and (c) appropriate systems and mechanisms are put in place-

  • to eliminate electoral violence and other electoral malpractices:

The drafters of the Constitution are admitting they cannot list every possible malpractice, but emphasise the government’s duty to be alert and ready to stop any abuse

  • and to ensure the safekeeping of electoral materials.

An obvious point. When voting is by polling station, each polling station should receive enough ballot papers for 100% of the voters registered at that station plus a reasonable number because there will always be some spoilt papers. This number of papers received must be recorded. Election officials and all observers should be given this record and be able check it against the number actually used (votes cast) plus the number spoilt and the number not used. Observers have the right to check the exact number of people who voted and to know what happened to every ballot paper delivered to the polling station, whether it was used to cast a vote, spoilt or unused. They should be allowed to see the numbers of used, spoilt and unused counted, to be sure no ballot paper can be used for any other purpose.

Observers need to check how many people voted in each ward and what happened to every ballot paper. We all have a right to know whether strangers have voted in our ward. Some clever crooks might put a lot of names on the roll in the wrong ward or constituency, which means unknown people could vote using those names, and that is one reason why  rolls must be available to every party, all observers and any interested citizens in good time, meaning at least a month before the poll, and in a form that can be easily used.

In 2018 the roll came on sale (it should have been free) on CD in a form that could not be manipulated in any way at the weekend before the poll. Surely in this electronic age it should be possible to sort a list so that you can choose to read it by name of the voter, by address and maybe by age or some other variable. Given the discs issued, one would need to print out the full list and sort it by hand, an impossible task in the few days available. Because these rules were not followed, records of votes cast in the names of dead people, and of voters having been registered to vote somewhere different from where they lived are still emerging from the records for the 2013 and 2018 elections. This is not good enough.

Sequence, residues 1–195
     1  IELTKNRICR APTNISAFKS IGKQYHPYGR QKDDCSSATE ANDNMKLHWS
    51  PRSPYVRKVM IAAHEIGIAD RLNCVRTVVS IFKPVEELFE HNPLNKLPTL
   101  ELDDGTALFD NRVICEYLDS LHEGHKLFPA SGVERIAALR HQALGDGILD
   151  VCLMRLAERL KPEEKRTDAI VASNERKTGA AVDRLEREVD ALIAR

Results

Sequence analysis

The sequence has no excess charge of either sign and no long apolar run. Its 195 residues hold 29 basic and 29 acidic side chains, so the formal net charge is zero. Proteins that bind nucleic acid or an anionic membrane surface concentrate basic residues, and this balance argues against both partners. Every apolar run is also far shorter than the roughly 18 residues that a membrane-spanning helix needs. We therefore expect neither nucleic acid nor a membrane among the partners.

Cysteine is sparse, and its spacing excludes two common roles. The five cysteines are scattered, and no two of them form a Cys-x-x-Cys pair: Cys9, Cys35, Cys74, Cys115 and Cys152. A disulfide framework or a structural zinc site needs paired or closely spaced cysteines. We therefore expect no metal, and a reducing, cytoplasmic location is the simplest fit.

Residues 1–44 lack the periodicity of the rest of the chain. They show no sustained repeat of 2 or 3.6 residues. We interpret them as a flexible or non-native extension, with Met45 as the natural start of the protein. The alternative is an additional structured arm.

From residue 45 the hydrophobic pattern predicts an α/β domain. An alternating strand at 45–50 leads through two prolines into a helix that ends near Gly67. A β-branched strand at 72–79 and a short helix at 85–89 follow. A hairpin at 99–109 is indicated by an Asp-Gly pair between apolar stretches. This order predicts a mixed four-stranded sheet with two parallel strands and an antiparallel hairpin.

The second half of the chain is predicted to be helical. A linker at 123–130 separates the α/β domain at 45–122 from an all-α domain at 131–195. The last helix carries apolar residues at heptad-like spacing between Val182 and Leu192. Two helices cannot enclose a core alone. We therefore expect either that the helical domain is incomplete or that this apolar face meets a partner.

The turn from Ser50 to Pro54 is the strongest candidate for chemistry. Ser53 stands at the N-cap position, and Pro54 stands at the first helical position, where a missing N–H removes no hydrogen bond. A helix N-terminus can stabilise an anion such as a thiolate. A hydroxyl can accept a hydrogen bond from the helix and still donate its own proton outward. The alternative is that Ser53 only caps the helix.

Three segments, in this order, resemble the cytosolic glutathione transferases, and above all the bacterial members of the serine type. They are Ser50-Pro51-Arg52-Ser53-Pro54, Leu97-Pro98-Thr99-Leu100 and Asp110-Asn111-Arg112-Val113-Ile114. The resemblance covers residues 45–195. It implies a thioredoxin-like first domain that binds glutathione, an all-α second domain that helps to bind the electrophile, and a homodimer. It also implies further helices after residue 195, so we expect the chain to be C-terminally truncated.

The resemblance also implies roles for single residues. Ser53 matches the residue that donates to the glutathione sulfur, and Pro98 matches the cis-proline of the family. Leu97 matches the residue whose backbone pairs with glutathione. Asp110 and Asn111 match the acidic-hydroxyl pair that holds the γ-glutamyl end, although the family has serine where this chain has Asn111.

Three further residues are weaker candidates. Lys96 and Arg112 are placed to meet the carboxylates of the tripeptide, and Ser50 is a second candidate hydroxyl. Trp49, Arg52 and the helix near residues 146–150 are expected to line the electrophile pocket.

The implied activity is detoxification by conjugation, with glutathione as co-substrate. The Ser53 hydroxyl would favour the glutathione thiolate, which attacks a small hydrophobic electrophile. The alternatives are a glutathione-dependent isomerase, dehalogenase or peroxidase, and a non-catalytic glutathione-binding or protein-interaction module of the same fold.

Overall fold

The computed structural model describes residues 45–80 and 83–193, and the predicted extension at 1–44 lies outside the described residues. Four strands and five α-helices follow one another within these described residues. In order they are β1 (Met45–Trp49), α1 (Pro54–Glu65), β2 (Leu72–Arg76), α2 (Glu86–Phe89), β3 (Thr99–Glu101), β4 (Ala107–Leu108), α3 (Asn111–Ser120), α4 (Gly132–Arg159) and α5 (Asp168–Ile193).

If voters are allowed to vote at any polling station in their ward, then each polling station needs more ballot papers because nobody can be sure how many people will vote at each polling station. But the counting and the totals of papers used (votes cast), papers spoilt and papers unused for the whole ward must be public information. Observers must attend every count. Even better, the count shold be held publicly in front of all voters who are interested. This has been done at each polling station in recent elections, but unfortunately the police seemed to consider the totals for the wards to be state secrets, so nobody was allowed to share what they knew about their own polling station.

Historians may eventually discover the whole story, but that doesn’t help us here and now.

And the historians will only be able to do their job if full, verifiable, information is stored somewhere safe for them to study.